EAT LIKE A LOCAL
World's Best Street Food
The ultimate cheap eats in 14 cities around the globe.
Happily for all the travelers who make their base in the Sultanahmet district (home to the Hagia Sophia), the stalls beside the nearby Grand Bazaar can compete with any in this food-rich city. Have your pick of mussel skewers in garlic sauce, grilled corn, roasted chestnuts, and permutations of kebab too plentiful to count. (Feeling adventurous? Try the kokoreç, chopped lamb intestines seasoned with hot pepper and oregano.)
Street Smarts: Bring your own plates and utensils. Illness is often spread through improper washing; this is one way to cut the risk. If you see locals doing the same, consider it a must.
11. Tel Aviv
Mouthwatering falafel abounds throughout the Middle East, but this waterfront city is also home to a unique treasure: the Iraqi Jewish specialty of sabich, a pita sandwich stuffed with fried eggplant, chopped hard-boiled egg, and pickled cabbage and beets. To get right to the source, head to the stands of neighboring Ramat Gan, where the dish was invented.
For centuries, Thai food sellers operated out of boats along the canals that formed the city's main transportation system. In recent years, roadside cafés have all but supplanted the custom, but at Taling Chan floating market on the western edge of the city, vendors still grill fish and steam crabs directly on their boats every weekend from 9 a.m. to 4 p.m.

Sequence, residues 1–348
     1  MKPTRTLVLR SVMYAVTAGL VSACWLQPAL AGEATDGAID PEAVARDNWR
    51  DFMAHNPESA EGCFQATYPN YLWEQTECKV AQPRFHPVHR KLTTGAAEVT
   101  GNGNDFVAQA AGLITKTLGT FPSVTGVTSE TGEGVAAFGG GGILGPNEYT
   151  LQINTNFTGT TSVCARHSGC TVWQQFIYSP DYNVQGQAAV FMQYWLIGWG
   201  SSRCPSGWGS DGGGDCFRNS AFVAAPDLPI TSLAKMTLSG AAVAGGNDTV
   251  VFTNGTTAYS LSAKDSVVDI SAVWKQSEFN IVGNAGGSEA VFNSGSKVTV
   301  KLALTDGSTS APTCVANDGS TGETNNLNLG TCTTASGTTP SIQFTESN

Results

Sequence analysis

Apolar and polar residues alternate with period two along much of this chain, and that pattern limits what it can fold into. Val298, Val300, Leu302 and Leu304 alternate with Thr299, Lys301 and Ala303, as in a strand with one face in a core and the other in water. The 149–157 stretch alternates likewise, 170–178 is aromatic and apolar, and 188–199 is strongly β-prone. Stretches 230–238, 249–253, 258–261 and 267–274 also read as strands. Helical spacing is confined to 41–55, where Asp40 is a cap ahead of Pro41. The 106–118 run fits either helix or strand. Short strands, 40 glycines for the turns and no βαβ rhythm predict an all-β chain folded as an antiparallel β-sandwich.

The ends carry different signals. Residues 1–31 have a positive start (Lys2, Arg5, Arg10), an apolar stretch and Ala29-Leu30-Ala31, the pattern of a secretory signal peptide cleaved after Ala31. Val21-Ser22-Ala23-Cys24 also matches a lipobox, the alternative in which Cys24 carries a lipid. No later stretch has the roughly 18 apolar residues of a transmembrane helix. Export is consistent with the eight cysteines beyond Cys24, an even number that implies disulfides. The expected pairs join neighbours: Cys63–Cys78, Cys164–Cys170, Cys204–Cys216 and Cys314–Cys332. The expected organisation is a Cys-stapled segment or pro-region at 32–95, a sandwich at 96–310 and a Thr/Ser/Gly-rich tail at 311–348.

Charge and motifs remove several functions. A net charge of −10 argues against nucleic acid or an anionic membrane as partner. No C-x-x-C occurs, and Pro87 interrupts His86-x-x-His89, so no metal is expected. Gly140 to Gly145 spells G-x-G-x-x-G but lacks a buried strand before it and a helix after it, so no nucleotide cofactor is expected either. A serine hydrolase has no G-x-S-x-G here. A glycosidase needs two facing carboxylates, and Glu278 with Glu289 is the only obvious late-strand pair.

Street Smarts: Fruits and vegetables with edible skins are only as safe as the water they've been washed in, so stick to the ones that you can peel yourself (like bananas).
The narrow alleyways of the city's Old Quarter yield a treasure trove of breakfast delicacies for the jet-lagged traveler. Street vendors set up as early as 5:30 a.m. to prepare sweet green rice wrapped in banana leaves, sesame- and coconut-filled dumplings in ginger syrup, and rich coffee poured over sweetened condensed milk (but watch the ice).
In its many hawker centres (or food courts), such as Chinatown's Maxwell Food Centre, Singapore delivers a civilized street-food experience—complete with table service. Patrons can usually ditch their belongings at one of the marked tables, browse the offerings (ranging from Chinese fish ball soup to spicy Malaysian pork-rib prawn noodles), and give their table number at the counter.
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